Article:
Alcopop Tax

Topics: Alcoholic beverage, Economics, Supply and demand Pages: 6 (1462 words) Published: September 15, 2013
Executive Summary
1. Introduction
2. Main issue
3. Key stakeholders
4. Economic theory
4.1 Opportunity cost
4.2 Subsidy
4.3 Law of demand
4.4 Cost of production
4.5 Government intervention (Taxation)
5. Solutions and Alternate Recommendations
6. Conclusion
Reference list

Executive Summary
The purpose of this report was to analyze the 'alcopops' tax with related economic theory and outline the main issue and identify the key stakeholders. Also, the report will provide solutions and alternate recommendations. This report is based on news article provided from teachers which are about 'alcopops' tax. Findings portray that alcopops are especially popular among teenagers and the imposition of the tax is not effective for young people due to they can find other sustitubes. However, the government can build a positive culture and educate young people for solving this problem.

1. Introduction
The Australian Federal Government is silently increasing the tax on pre-mixed alcohol after midnight in an attempt to reduce the consumption by teenagers among the young drinking culture. The tax has been increased by 70% and this will raise about $2billion over 4 years for the government. However many have argued that the tax increase will not have much use to reduce teenagers over consumption of alcohol and this is just a cover for the government to increase tax. In the following parts will present what the key issues have been raised and its relevant theory. Also alternative actions identified will be proposed.

2. Main issue
From 2000, there is an explosion in the sales of pre-mixed alcohol products. These products are especially popular among teenagers is because they are usually sweet, pretty, convenient and you can’t taste the alcohol. The abuse of alcohol among teenagers has caused a lot of troubles for the government. Since the explosion of pre-mixed alcohol products raise, the level of alcohol related violence has also increased. According to a survey done by The National Drug Strategy, 7% of teenage boys and 10.6% of teenage girls are drinking at a level that might cause long term health issues. Almost one out of twenty have been physically abused by someone who is under the influence of alcohol.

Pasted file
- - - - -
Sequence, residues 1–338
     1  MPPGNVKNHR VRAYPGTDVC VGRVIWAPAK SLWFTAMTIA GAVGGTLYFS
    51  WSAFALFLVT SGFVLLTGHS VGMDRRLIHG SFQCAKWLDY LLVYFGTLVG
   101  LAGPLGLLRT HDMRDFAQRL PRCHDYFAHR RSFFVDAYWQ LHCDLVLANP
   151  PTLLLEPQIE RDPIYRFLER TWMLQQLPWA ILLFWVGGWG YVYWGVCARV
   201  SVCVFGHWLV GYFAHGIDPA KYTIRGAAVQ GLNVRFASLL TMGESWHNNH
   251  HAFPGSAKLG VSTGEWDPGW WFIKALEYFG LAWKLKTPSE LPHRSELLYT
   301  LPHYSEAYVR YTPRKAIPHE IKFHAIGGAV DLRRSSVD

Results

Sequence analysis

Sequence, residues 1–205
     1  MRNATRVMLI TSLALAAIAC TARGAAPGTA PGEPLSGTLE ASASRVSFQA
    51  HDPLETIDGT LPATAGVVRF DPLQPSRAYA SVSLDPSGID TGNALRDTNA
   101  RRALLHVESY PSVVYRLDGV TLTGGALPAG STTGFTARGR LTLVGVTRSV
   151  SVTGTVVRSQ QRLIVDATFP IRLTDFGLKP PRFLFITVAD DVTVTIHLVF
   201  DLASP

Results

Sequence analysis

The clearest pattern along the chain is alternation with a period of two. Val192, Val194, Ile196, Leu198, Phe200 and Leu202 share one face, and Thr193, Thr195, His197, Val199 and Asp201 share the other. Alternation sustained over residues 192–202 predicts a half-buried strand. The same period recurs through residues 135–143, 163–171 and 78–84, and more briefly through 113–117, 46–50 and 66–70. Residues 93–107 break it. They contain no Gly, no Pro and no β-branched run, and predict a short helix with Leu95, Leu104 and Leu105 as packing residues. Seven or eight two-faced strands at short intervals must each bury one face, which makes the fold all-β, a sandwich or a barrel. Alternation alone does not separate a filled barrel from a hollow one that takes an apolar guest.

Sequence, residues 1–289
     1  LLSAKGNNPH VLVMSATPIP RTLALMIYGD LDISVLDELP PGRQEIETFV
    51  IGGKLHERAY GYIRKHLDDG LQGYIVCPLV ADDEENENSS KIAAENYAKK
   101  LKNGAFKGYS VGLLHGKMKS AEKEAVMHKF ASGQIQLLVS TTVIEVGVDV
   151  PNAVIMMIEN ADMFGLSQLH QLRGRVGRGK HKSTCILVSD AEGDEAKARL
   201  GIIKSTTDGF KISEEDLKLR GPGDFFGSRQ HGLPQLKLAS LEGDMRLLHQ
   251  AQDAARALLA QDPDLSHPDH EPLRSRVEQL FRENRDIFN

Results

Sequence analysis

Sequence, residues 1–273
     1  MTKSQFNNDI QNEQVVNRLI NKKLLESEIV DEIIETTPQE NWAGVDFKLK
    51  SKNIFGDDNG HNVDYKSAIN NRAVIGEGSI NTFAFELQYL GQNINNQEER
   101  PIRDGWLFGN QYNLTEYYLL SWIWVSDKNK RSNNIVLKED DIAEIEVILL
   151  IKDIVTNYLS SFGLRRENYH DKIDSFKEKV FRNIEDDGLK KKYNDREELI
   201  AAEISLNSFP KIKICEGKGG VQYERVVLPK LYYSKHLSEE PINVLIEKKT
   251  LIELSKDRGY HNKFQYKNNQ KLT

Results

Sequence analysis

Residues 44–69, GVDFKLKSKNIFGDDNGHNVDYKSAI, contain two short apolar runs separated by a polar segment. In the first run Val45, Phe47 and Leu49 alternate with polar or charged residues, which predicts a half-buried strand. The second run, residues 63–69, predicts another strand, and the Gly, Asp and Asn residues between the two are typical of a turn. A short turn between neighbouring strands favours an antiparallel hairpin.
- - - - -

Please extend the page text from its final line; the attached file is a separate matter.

To tackle the young drinking culture, The Australian Federal Government has increased the tax of pre-mixed drinks which commonly known as ‘alcopops' by 70% after midnight without any noticing beforehand. The government believes teenagers are very price elastic and by increasing price, it can greatly reduce the demand among teenagers. However opposition and the pre-mixed drink producers argue that the government is only finding excuse to raise tax. They believe the increase in tax could make the problem worse as it will shift the demand from ‘’alcopops’’ to beer, wine and spirits which the alcohol contents are much higher.

3. Key stakeholders
3.1 Young people
3.1.1 Generally young people
Alcopops are especially popular among teenagers is because they are usually sweet, pretty, convenient and can’t taste the alcohol. According to Harvey (2008), the survey done by The National Drug Strategy, 7% of teenage boys and 10.6% of teenage girls are drinking at a level that might cause long term health issues. Almost one out of twenty have been physically abused by someone who is under the influence of alcohol. The imposition of raising alcopops is believed to be able to reduce the demand of alcopop of teens.

3.1.2 Young female
According to Harrison (2008), the survey discovered that girls in 12-15 consume alcohol more than three times as boys a week. It becomes a more serious problem with girls than boys. The imposition of rising alcopops tax has greater impacts to girls.

3.2 Government
The government has responsibility to provide a better living environment for its citizens and protect their young generations. That's one of the reasons the government raise the alcopop tax. Also, the imposition can...
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